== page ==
And this time, it’s 10,000 metres on the track
The next step on Gwen Jorgensen’s (potential) Road to Tokyo 2020 takes place this coming Friday, 30th March.
After running her first post-baby track race last month – impressing pretty much everyone with her 15:15.64 for 5,000m indoors at the Husky Classic in Seattle – this weekend Gwen will be doubling the distance to 10,000m and this time will be outdoors, when she runs at the Stanford Invitational in Palo Alto, California.
All smiles because it’s race week!
— Gwen Jorgensen (@gwenjorgensen) March 26, 2018
If that Stanford name sounds slightly familiar, the Cobb Track and Angell Field is the same Stanford University venue at which Alistair Brownlee ran his 28:32.48 for the same distance at the Payton Jordan Invitational in April 2013. That same meeting takes place on 3rd May this year, and is one which could also potentially feature on the Jorgensen schedule.
The women’s 10,000m takes place at 8:50pm local time this Friday evening (which would be 4:50 am UK time on Saturday morning).
What to expect?
Only five months since the birth of her son, Stanley, her 15:15 for 5000m was an impressive start to her ‘running’ career. Logically, one would think that a further seven weeks on she would be looking/hoping to see another step up in performance. Still, seven weeks isn’t a huge amount of time, and that last block of training at altitude will, I would speculate, have been more focussed on performances later in the year and laying her foundations for future marathons, rather than optimising for an early season track race. Further, Gwen is still building her capacity to cope with the mileage that she hopes to reach in time, using swimming and cycling as cross training.
One other factor to consider is the competition – in Seattle Gwen had the pacing benefit of athletes of the quality of Courtney Frerichs and Emily Infeld, both World Championship medallists. There doesn’t appear to be anyone of that pedigree and experience racing this weekend.
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Thanks to @courtneyfrerichs and @emilyinfeld I have a new 5k PR. Those ladies can roll!! I had so much fun racing. My pre race routine was a bit dusty but I was able to run 15:15 and come across in 2nd place. I’m so excited to be able to race and can’t wait for the next one! 📸: @talbotcox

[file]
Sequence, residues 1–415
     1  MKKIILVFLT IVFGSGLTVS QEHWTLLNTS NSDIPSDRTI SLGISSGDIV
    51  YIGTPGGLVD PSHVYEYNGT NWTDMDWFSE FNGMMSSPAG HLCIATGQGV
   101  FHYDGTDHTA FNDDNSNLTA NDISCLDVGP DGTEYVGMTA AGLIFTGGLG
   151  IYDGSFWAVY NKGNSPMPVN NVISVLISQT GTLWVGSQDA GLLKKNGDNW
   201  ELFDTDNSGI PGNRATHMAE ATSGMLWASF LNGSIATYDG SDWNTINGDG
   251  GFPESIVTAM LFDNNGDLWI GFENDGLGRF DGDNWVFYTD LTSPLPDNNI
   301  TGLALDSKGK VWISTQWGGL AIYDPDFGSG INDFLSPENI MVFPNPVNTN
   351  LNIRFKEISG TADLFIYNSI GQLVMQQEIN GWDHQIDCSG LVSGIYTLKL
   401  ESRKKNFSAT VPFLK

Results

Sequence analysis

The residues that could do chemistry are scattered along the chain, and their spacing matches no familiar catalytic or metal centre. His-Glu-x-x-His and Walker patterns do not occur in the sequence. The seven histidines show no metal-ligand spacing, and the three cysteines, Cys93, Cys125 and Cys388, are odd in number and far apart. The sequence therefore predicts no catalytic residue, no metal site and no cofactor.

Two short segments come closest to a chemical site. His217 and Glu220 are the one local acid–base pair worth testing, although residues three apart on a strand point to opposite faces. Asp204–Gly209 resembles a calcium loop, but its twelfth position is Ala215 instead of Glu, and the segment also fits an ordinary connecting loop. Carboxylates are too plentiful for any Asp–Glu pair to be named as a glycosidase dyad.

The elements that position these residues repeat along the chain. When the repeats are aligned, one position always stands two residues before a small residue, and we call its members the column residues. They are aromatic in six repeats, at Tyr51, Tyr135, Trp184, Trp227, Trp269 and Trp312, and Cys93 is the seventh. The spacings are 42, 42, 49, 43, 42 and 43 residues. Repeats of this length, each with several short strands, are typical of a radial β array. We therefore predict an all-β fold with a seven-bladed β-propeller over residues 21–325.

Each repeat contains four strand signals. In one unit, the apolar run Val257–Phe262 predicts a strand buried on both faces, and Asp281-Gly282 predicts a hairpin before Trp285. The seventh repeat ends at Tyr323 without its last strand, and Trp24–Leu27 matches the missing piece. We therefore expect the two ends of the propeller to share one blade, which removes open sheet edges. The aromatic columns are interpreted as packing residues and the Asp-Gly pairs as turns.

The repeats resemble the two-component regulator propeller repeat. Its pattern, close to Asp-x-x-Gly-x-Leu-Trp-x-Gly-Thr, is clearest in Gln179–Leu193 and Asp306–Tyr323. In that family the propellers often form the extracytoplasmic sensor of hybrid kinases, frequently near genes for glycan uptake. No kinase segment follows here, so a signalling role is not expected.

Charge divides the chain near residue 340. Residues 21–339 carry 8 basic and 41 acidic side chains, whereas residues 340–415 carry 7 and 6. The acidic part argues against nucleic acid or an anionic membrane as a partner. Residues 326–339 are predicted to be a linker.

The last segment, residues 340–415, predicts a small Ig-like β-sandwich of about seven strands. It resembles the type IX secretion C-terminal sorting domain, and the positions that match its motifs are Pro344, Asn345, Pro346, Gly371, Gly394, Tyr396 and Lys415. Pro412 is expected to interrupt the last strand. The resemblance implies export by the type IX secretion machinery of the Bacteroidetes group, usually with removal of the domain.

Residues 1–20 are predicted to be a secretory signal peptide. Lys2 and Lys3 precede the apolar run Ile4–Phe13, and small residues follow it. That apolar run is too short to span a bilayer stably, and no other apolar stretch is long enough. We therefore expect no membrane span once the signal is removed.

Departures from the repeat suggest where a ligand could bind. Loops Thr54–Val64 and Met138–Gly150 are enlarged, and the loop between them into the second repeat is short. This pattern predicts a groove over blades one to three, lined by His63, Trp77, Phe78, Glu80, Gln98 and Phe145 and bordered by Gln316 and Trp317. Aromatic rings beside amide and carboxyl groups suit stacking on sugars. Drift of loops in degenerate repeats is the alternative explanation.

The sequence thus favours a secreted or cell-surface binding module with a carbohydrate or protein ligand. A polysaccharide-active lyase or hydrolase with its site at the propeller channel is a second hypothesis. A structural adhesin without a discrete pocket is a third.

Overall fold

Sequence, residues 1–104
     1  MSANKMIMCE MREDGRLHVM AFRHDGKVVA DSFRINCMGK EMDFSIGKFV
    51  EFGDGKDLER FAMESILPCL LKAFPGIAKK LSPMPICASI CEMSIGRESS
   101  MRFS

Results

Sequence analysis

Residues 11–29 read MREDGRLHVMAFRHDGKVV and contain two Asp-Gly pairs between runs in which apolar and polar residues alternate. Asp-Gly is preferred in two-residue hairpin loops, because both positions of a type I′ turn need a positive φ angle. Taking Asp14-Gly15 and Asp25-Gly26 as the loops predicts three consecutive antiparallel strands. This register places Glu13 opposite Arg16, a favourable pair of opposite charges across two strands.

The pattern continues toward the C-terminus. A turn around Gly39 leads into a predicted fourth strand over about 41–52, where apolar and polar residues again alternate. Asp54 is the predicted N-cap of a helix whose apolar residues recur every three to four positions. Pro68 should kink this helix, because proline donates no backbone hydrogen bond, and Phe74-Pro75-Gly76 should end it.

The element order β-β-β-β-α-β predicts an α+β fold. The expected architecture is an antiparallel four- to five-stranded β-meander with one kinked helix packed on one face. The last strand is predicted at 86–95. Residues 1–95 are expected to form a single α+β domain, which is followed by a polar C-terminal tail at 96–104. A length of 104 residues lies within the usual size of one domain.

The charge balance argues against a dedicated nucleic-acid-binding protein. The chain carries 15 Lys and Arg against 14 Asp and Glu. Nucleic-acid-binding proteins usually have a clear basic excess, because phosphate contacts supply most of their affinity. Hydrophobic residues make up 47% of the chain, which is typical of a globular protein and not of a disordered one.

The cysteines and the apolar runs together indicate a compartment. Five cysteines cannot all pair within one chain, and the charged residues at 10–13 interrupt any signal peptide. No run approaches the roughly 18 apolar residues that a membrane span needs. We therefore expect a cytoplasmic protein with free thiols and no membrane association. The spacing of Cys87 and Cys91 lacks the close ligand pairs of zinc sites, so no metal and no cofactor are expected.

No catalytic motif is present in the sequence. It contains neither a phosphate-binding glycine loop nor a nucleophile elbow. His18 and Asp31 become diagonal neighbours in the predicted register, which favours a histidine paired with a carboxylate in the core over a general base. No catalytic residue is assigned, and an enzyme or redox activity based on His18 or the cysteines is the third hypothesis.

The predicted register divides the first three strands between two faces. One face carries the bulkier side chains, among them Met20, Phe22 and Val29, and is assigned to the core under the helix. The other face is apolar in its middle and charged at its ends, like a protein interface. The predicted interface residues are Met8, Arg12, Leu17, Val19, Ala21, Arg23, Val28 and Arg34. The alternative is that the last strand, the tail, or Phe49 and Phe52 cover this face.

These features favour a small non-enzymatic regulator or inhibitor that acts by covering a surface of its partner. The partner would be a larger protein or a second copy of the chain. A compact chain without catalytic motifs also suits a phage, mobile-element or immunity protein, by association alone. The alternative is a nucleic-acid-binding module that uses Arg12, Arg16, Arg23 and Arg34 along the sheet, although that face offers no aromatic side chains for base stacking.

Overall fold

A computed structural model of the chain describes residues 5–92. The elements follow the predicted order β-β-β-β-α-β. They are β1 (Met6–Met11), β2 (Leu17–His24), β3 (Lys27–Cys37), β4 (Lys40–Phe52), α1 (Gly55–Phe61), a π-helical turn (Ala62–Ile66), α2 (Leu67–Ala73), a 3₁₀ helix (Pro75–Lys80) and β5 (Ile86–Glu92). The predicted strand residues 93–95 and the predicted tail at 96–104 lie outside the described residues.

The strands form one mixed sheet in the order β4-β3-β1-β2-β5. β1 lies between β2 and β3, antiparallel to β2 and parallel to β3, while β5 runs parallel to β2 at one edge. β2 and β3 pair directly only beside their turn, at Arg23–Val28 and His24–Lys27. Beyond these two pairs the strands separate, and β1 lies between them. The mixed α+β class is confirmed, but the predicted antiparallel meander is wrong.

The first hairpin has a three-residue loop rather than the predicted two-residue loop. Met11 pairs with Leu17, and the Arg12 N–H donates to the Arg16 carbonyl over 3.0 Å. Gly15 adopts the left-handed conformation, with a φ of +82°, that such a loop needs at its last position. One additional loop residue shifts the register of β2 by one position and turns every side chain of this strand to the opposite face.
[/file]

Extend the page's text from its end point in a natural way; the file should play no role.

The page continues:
Ok, with that background… 15:15 for 5,000m would, roughly, predict a time in the region of 31:45, all other things being equal / no ‘Beast from the East’ or extreme temperatures etc. Not an exact science, but assuming a run for ‘time’ (rather than a tactical effort for position), that would be the sort of time that would be on a par with last months 5,000m effort. At least, in my eyes.
On that basis – if Gwen is able to race in a similar manner and arrive with improved fitness since that run in Seattle – I’m going to say that 31:30 would be a strong effort. Quicker than that, let’s say circa 31:20-ish and I think she and her team would leave the venue very content. And rightly so.
Much quicker than that? Well, if she does, you have certainly got an athlete showing huge potential to go significantly quicker in the future too based on that rate of progression so early in her (pure running) career.
Taking into consideration Gwen’s inexperience in this format of racing and perhaps the lack of that higher level of competition to set the pace for her to follow, I’m going to go for somewhere between those two times, 31:20 to 31:30, as my prediction for this weekend. I also think there is a strong chance that as the race progresses, racing to win may become a priority over going all out for a time.
I wouldn’t be surprised to see her return in May though, against a stronger field, ready to go faster with another five weeks of training in the legs and more experienced athletes in front setting the pace. On that basis, it is quite possible that this race will also be a fact-finding and logistical preview for a return to that Payton Jordan Invitational at the same venue. After all, Jorgensen and her team like to ensure all details are covered. When you’ve stated you have a goal of Olympic Marathon Gold in 2020, you have to.
As always, it will be interesting to follow her progress.